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4 non-toxic ways to get rid of mould

Living in southeast Queensland is idyllic, but during the humidity of summer and the rain bombs and floods we’ve had over recent years, we are often plagued with mould.  Here are non-toxic ways to get rid of mould in your house.

If this microscopic fungus gets into your system, it can cause breathing issues. You might get a cough, start wheezing, have an irritated throat, eyes or skin, or develop a sinus infection. Long-term exposure to mould is quite serious, which is why you’ll want to clean up certain areas as soon as possible.

Natural and non-toxic ways to get rid of mould

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Baking soda

Baking soda isn’t just great for absorbing nasty odours from your fridge; it’s also excellent for getting rid of mould. It’s safe for family and pets. In addition to killing black mould, it absorbs the moisture that attracts it.

Add 1/4 tbsp of baking soda to a spray bottle of water. Shake until it dissolves. Spray the mouldy area with the baking soda solution, then use a scrubbing brush to remove the mould from the surface. Rinse the surface with water to remove any residue and baking soda. Spray the area again and let the surface dry without wiping. This will help kill left-over mould and prevent it from returning.

If the mould is really tough, mix two parts baking soda with one part vinegar and one part water. Stir the mixture until it becomes a thick paste. Spread your mixture liberally on the surface and allow it to dry. Scrub away the mould and stains, and wipe with water.

Vinegar

White vinegar is said to kill more than 80 percent of mould species. It is also safe for humans and animals.

Pour white distilled vinegar into a spray bottle. Don’t water it down. Spray it directly onto the mouldy surface. Leave it for 1 hour, then wipe clean with water. Allow the surface to dry completely. Repeat this process every couple of days to prevent mould from growing. Be sure to allow the vinegar to dry naturally for best results.

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Tea tree oil

Essential oils are natural compounds and can do a lot more than just make a room smell nice. Tea tree oil is an incredible insect repellent and antiseptic, but it’s also one of the safest ways to rid your house of mould. It’s a natural fungicide and can clean mould quickly. Not only that, it naturally prevents mould spores from reproducing.

Combine 1 teaspoon of tea tree oil with 1 cup of water in a spray bottle. Shake vigorously to combine. Spray the mouldy area. Leave the tea tree oil on the surface to kill the mould. If you are sensitive to essential oils, be sure to wear gloves.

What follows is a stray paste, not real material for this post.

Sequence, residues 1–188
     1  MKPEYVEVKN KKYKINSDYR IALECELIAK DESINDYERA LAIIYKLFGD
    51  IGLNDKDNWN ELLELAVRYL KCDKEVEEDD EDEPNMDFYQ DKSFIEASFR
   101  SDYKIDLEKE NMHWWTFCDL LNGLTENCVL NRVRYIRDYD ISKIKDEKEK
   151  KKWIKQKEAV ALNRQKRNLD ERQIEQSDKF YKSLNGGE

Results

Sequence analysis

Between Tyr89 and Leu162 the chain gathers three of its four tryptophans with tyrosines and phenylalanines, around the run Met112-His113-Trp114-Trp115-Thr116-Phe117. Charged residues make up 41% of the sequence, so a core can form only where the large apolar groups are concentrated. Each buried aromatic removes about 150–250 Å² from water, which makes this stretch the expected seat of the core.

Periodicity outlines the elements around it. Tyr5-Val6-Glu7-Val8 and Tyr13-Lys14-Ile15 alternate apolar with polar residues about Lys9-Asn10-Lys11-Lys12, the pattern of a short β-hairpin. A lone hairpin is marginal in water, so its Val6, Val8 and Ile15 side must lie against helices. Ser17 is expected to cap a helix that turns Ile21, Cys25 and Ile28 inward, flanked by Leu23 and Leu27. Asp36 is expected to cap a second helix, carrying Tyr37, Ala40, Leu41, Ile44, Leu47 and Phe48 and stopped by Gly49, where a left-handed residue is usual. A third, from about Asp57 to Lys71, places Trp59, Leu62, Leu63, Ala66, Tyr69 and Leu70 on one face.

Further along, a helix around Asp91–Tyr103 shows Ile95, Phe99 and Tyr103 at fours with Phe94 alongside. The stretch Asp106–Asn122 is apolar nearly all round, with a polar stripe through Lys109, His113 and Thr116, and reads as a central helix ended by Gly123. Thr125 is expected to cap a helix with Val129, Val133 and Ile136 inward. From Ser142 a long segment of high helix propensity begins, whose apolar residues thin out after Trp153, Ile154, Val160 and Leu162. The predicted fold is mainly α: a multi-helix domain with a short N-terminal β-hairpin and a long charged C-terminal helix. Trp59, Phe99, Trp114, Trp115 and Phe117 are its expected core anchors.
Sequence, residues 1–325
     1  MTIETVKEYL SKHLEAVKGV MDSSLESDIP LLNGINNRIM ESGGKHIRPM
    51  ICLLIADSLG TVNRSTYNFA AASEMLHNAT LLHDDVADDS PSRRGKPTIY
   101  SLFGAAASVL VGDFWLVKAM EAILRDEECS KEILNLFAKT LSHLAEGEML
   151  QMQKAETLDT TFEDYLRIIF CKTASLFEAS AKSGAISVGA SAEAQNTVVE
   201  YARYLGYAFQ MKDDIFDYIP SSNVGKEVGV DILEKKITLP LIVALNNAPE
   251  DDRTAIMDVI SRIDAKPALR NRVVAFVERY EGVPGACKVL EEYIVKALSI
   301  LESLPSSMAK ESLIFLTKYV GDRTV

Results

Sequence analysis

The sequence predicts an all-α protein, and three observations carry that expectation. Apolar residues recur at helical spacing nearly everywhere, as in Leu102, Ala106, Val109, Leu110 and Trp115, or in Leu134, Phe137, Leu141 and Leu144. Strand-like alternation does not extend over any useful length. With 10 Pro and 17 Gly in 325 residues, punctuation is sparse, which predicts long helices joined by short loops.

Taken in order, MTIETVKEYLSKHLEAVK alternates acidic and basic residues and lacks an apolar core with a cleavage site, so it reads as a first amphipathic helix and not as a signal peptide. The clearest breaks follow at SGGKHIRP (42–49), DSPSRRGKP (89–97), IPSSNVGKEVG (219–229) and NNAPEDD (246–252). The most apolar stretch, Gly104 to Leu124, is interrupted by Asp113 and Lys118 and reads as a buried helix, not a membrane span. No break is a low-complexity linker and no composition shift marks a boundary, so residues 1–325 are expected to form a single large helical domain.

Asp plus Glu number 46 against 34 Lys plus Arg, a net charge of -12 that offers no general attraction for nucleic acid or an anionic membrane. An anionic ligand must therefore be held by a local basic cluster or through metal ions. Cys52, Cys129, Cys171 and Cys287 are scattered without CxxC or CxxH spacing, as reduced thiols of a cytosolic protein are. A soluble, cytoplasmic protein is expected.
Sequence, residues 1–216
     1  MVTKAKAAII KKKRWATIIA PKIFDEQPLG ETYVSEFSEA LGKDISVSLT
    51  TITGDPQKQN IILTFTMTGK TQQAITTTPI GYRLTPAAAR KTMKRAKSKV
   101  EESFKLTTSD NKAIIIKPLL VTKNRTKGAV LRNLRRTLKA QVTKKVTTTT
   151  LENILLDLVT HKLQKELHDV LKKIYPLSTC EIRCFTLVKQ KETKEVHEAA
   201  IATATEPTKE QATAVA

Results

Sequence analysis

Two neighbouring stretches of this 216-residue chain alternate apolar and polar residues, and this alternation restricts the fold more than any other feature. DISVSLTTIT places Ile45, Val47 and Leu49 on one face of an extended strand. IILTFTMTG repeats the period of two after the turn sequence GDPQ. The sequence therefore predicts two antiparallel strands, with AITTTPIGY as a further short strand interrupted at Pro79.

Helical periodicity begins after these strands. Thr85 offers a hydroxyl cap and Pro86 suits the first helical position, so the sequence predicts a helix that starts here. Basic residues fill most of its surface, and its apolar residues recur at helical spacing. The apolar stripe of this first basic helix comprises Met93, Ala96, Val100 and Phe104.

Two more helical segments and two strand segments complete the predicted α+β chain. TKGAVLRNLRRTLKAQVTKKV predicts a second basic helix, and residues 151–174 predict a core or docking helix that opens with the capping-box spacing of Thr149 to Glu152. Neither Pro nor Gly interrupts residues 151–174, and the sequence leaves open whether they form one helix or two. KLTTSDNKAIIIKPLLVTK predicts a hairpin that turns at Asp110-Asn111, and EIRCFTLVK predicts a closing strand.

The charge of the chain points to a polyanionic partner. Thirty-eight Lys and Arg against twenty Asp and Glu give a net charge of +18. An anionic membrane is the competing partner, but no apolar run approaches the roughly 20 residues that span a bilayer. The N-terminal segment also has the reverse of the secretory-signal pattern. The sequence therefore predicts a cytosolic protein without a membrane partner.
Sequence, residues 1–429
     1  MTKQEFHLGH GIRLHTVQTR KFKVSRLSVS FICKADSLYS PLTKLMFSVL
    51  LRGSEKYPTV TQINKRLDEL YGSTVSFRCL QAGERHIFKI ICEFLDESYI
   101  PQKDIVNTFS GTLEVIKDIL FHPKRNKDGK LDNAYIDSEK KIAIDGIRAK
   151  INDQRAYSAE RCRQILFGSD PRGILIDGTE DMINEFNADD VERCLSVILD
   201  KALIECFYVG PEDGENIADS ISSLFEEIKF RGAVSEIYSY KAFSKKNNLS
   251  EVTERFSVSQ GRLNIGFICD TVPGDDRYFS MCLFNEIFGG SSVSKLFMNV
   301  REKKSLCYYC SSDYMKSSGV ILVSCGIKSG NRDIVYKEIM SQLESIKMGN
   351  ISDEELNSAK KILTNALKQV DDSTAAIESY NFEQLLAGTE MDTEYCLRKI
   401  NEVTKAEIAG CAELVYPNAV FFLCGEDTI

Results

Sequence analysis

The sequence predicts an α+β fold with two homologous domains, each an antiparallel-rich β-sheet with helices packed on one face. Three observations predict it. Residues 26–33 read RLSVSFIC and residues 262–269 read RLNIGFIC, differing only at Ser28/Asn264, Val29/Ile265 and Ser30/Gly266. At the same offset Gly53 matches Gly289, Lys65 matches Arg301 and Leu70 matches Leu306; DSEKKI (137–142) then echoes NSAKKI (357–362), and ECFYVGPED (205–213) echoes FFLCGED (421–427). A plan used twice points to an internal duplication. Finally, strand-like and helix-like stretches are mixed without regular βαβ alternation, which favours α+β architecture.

Lemons

Lemons are natural deodorisers. They can be used as an antiseptic, bleach, stain remover and household cleaner. They can also remove mould. Lemons have a high acidity, which allows them to break down mould.

Juice 3 to 5 lemons in a cup, then pour over the mouldy area. Let it sit for 5 minutes, then wipe the surface with a damp towel. If you have tough mould stains, reapply and scrub the surface.

 

Three steps to cleaning up after a flood

If you’ve suffered water damage, it’s likely mould will become a problem at some point. After a flood, allow everything to be completely cleaned or dried.

You should only return to a flooded property when it is safe to do so. To prevent mould from taking hold, follow the following three steps:

  1. Aerate the place. Mould grows with moisture. Open windows and get the air circulating to prevent mould spores from spreading. If there is already mould detected, don’t use fans as it will only spread the spores to other locations around the house.
  2. Discard items like carpets, paper products and wood if they have absorbed moisture or are contaminated with sewerage. Other items, such as concrete, hard plastics, glass, metal etc., may be saved if they can be properly cleaned. You’ll want to use a damp wipe to remove surface contamination but dispose of those wipes. Heavily contaminated items will need to be thoroughly scrubbed and disinfected.
  3. Do not remove mould with bleach. Although bleach can kill indoor mould, it works best on non-porous materials. Bleach cannot reach mould growing beneath the surface of things such as wood or plasterboard. The other issue with bleach is that it is a harsh chemical with toxic fumes.

 


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By Angela Sutherland
After spending many years hustling stories on busy editorial desks around the world, Angela is now mum of two little ones and owner/editor at Kids on the Coast / Kids in the City. She is an atrocious cook and loves cutting shapes to 90s dance music. Angela is the editor of Kids on the Coast - a free family magazine whats on guide for Kids: things to do, school holiday fun and free activities for kids... Fun attractions, family food & travel, kids health & wellbeing, kids parties venues, parenting, pregnancy & babies, guide for parents. Servicing Brisbane, Gold Coast, Sunshine Coast and beyond, Kids on the Coast is an online guide for parents with kids things to do with kids, schools and education and lifestyle news located on Gold Coast, Sunshine Coast & Brisbane, QLD.

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